OP’s posts: |
Enidblyton1 Tue 03-Apr-18 17:49:08

It's very annoying - but clearly designed to give the employer maximum flexibility. They want to find the best person for the role and if this means paying a bit more, then they might do. Equally, if they can get away with paying as little as possible, they probably will.

BubblesBuddy Wed 04-Apr-18 16:57:43

Elel: jobs should not be graded according to the candidates who roll up. The job should be compared to others within the organisation and a suitable salary range agreed. If you subsequently offer another job, because you deem the candidates unsuitable for the job advertised, your HR people should re-evaluate and the candidates should be told exactly what has happened. If you said a disabled person was not going to get the rate for the job because you decided to downgrade it, you would be discriminating. If they could do the job with reasonable help, there would be a problem if you said they must take less money.

It is always wrong to grade candidates. It is good practice to grade the job in a professional manner and appoint if you can. If you cannot get the calibre of staff, reevaluate the job, but don’t do it on the hoof.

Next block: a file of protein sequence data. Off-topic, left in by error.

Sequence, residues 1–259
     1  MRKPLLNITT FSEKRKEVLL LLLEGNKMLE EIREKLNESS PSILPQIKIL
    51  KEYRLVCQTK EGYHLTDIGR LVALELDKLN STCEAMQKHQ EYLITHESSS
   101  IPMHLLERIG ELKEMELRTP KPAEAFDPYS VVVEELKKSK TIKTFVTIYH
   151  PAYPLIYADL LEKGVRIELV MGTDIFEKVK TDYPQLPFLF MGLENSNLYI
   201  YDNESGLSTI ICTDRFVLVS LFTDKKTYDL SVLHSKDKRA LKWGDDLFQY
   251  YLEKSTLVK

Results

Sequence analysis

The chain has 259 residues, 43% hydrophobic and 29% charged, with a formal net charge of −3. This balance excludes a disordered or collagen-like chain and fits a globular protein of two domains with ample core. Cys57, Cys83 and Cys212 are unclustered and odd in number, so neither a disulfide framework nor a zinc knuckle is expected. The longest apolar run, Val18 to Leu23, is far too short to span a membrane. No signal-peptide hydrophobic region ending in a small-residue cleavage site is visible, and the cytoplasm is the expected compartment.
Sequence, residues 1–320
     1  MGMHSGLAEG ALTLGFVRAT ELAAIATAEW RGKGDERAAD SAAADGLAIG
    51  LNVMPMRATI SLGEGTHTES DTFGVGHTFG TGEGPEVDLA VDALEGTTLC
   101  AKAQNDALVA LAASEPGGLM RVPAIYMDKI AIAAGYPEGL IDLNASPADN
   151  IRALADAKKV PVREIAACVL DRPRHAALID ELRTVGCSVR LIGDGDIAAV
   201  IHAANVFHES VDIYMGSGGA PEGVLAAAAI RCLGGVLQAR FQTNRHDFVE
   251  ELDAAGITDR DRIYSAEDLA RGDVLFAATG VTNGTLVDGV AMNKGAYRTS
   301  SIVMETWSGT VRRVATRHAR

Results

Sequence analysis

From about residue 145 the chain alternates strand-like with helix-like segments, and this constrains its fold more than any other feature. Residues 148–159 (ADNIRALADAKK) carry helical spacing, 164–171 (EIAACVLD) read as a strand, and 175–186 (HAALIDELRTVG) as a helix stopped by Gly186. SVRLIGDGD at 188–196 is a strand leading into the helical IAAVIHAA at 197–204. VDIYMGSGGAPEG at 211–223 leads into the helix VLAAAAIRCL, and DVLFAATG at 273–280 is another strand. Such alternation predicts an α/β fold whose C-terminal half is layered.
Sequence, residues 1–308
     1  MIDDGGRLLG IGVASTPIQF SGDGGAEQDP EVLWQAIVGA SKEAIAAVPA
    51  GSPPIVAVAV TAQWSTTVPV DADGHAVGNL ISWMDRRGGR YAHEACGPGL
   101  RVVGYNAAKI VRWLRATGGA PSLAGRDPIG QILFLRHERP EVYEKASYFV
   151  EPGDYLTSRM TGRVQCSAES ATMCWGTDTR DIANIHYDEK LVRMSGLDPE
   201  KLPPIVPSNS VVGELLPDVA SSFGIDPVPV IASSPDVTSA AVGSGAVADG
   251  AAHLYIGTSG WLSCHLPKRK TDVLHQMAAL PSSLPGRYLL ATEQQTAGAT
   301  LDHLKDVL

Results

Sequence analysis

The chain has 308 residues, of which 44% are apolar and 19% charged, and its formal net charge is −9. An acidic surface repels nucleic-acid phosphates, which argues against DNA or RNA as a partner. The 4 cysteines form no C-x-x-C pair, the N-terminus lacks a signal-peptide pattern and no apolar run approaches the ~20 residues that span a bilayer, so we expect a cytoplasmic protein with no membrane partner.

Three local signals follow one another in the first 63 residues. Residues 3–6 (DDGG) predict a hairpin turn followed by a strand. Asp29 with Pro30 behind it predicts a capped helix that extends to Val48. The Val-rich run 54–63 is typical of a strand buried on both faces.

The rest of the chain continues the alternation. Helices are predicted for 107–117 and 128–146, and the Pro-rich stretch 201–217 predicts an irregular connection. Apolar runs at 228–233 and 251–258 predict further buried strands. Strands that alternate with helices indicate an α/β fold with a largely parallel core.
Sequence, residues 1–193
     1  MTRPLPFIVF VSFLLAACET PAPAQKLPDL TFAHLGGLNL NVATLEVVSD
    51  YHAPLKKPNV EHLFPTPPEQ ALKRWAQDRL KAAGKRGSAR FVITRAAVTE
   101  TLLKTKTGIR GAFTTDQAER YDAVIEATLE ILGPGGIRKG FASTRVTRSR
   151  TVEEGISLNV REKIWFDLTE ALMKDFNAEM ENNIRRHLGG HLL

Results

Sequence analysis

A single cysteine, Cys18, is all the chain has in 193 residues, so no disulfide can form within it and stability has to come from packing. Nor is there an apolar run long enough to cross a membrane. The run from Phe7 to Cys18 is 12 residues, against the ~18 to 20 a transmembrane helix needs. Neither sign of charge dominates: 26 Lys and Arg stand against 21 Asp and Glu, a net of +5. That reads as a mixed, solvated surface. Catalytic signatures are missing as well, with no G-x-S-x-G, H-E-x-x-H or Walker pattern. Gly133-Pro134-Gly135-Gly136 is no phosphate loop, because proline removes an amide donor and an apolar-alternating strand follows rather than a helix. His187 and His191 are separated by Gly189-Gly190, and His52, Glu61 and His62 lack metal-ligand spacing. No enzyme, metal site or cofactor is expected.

wizardswife79 Wed 04-Apr-18 18:12:34

I agree it's very annoying.

A few years ago I saw a job advertised that looked interesting but no salary was specified. I phoned up to ask for a rough idea of salary but the company refused to talk. I applied anyway. The application form asked what my current salary was, so I put down my current salary and added a note along the lines of being open to negotiation regarding salary.

I never heard back and assumed I'd been unsuccessful so phoned the company to ask why, and they said I was a great candidate but far too expensive (based on my then current salary).

The thing is, I was actually prepared to take a pay cut for a job that offered more flexibility (which the job in question did). My existing job paid well but offered no flexibility and involved very long hours. So that company's short-sighted approach backfired.

For my current job, as well as three interviews, I had to complete a task (research and writing) that took a couple of entire days. I simply wouldn't have done it had I not been given an indication of salary first.

I've also been in a situation where a recruitment consultant told me the salary was between £X and £Y. I went through the interview process (including taking time off work to attend interviews etc). I was offered the job on a much lower salary, despite being at the top end of the range of experience they were looking for. When I complained the company blamed the recruitment consultant, the consultant blamed the company.....annoying as had I known the true salary I wouln't have wasted my time, or theirs!